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Life without salt could be bland; life without bread might lack comfort. But life without garlic? Unthinkable. Garlic adds a pungent flavour to many foods. You might not add it to fish chowder or boiled dinner, but as a key ingredient in the diets of immigrants here from Lebanon, Portugal, Eastern Europe and elsewhere over the centuries, it's become a traditional Atlantic Canadian food. What's more, we have excellent conditions for growing the crop, resulting in large bulbs with juicy, flavourful cloves-a far cry from the dry, slightly bitter garlic sold in supermarkets.

You can buy locally grown garlic at farmers' markets and from health food stores, or you can grow it yourself. Garlic is a low maintenance plant-you can even plant it at a cottage you go to only a few times a year. It takes an hour or two to plant in fall; you cut off the tops in mid-summer and harvest a short time later.

"It's such an easy crop to grow," says Jen Melanson of SunRoot Farm, in Kennetcook, NS. "It has minimal pest problems, you can tuck it into a flower garden and it stores well. It's also convenient because planting and harvesting happen when there isn't too much other work in the garden...As the last thing you plant and the first thing that comes up in the spring, it marks the beginning and the end of the season."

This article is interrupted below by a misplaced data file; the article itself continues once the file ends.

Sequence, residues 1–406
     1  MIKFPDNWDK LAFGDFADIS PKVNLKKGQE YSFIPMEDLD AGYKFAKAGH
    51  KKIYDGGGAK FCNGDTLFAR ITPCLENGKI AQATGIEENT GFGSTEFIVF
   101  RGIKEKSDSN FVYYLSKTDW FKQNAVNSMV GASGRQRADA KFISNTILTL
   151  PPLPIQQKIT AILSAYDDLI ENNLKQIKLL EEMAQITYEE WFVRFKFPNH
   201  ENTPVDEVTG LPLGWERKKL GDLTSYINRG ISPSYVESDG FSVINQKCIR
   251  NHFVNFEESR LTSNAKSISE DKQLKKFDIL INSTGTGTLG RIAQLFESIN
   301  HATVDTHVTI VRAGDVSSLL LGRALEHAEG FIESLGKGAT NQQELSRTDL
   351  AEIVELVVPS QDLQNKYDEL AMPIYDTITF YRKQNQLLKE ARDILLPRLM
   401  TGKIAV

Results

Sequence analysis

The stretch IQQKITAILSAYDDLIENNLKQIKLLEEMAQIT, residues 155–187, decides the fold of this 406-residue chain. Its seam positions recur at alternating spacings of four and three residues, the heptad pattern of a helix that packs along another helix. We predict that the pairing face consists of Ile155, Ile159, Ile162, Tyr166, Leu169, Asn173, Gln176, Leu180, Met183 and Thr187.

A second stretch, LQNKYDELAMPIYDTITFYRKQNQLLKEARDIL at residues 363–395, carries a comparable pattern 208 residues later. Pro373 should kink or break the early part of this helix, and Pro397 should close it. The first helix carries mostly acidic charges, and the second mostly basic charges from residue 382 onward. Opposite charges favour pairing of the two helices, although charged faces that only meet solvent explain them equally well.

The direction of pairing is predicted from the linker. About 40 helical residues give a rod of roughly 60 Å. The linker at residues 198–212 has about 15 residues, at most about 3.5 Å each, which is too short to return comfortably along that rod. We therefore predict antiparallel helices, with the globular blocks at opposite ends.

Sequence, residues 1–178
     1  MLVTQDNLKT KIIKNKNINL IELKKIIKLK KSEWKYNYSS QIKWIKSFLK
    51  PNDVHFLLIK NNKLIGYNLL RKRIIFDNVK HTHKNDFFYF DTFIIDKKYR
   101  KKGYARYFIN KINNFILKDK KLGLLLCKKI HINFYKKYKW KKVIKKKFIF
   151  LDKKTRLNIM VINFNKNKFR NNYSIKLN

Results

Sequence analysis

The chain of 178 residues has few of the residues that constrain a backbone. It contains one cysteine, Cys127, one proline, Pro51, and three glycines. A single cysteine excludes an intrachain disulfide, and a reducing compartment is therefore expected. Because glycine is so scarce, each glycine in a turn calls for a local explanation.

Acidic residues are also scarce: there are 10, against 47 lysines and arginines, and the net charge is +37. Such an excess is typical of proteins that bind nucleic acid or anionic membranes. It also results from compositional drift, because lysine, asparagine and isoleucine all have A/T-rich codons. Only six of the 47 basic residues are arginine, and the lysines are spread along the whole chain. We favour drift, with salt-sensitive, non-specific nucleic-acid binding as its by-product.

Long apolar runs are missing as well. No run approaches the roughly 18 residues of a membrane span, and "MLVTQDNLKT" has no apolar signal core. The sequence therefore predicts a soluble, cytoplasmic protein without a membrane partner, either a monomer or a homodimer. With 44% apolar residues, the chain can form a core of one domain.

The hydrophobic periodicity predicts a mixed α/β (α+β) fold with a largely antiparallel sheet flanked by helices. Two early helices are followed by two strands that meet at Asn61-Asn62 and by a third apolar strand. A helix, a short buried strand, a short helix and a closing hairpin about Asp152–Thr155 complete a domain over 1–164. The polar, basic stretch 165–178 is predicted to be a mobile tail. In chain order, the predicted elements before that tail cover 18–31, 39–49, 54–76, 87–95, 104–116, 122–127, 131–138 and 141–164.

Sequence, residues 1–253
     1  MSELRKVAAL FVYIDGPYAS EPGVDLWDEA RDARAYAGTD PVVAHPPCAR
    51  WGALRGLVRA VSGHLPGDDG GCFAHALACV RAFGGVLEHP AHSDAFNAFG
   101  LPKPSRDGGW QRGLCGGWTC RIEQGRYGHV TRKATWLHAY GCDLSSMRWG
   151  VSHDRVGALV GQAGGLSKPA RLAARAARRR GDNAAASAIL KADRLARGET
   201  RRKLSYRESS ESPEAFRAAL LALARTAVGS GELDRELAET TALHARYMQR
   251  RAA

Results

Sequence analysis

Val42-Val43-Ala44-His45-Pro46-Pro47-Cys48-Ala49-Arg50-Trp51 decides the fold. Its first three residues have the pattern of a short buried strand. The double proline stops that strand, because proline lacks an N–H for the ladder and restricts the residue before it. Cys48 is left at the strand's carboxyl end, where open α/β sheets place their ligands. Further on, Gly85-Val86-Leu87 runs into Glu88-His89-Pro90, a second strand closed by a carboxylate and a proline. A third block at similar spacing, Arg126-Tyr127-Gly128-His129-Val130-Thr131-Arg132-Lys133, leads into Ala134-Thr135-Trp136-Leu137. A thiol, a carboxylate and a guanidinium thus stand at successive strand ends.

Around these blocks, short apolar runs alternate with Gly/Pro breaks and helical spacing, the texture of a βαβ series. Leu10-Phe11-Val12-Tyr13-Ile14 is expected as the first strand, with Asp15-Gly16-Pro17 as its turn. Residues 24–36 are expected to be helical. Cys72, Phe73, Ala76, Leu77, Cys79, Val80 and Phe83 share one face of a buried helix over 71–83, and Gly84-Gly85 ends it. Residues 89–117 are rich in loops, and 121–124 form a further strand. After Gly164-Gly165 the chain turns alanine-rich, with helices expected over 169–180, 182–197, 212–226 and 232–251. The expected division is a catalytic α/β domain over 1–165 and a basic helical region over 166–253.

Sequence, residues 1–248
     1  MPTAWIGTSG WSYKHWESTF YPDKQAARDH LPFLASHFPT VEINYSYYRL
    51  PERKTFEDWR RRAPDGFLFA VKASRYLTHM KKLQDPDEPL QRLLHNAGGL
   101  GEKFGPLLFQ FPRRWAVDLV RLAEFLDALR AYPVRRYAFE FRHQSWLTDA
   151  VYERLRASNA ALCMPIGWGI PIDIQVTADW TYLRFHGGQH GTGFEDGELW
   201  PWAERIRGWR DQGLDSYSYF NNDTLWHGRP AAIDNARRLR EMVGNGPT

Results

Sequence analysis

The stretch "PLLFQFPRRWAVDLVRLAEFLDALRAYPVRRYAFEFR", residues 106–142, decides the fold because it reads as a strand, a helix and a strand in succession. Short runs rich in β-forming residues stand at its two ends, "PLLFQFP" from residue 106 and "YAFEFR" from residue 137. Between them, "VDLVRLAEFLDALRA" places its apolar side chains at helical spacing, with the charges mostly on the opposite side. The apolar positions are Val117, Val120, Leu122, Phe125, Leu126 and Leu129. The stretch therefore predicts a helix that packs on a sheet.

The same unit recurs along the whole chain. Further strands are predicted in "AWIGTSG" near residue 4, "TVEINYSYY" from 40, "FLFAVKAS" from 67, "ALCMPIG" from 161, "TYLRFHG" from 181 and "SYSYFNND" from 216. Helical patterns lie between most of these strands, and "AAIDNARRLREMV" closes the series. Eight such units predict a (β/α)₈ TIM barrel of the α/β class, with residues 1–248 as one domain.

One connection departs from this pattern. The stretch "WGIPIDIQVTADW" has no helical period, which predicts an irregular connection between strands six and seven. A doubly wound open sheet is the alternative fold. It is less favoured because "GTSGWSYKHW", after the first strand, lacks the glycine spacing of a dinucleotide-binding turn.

Growing great garlic

In the 1980s, when Greg Wingate wanted to grow garlic on his farm near Hillsborough, NB, people told him garlic wouldn't grow in the region. He later realized people had tried to grow garlic they bought in supermarkets-bulbs from California, China and Mexico, suited to those climates but not necessarily here. "Back when I started growing garlic, Atlantic-grown garlic was almost unheard of," he says.

You can plant locally grown garlic that you buy at farmers' markets, or purchase garlic for planting from seed companies. Some of Greg's stock comes from around the world; the key is finding varieties that work well in Atlantic Canadian conditions.

Regional growers say hardneck types work better here than softneck-hardneck refers to the bulbs' scape, or flower stalk-although Al Picketts, of Kensington, PEI, grows both types. Mark Wilson of NL Organics, in St. John's, finds that German hardneck garlic works particularly well in Newfoundland's cool climate. "Everyone loves garlic, it seems," he says, "and now the island is in need of more garlic, as taste buds shift from using summer savoury to flavour food."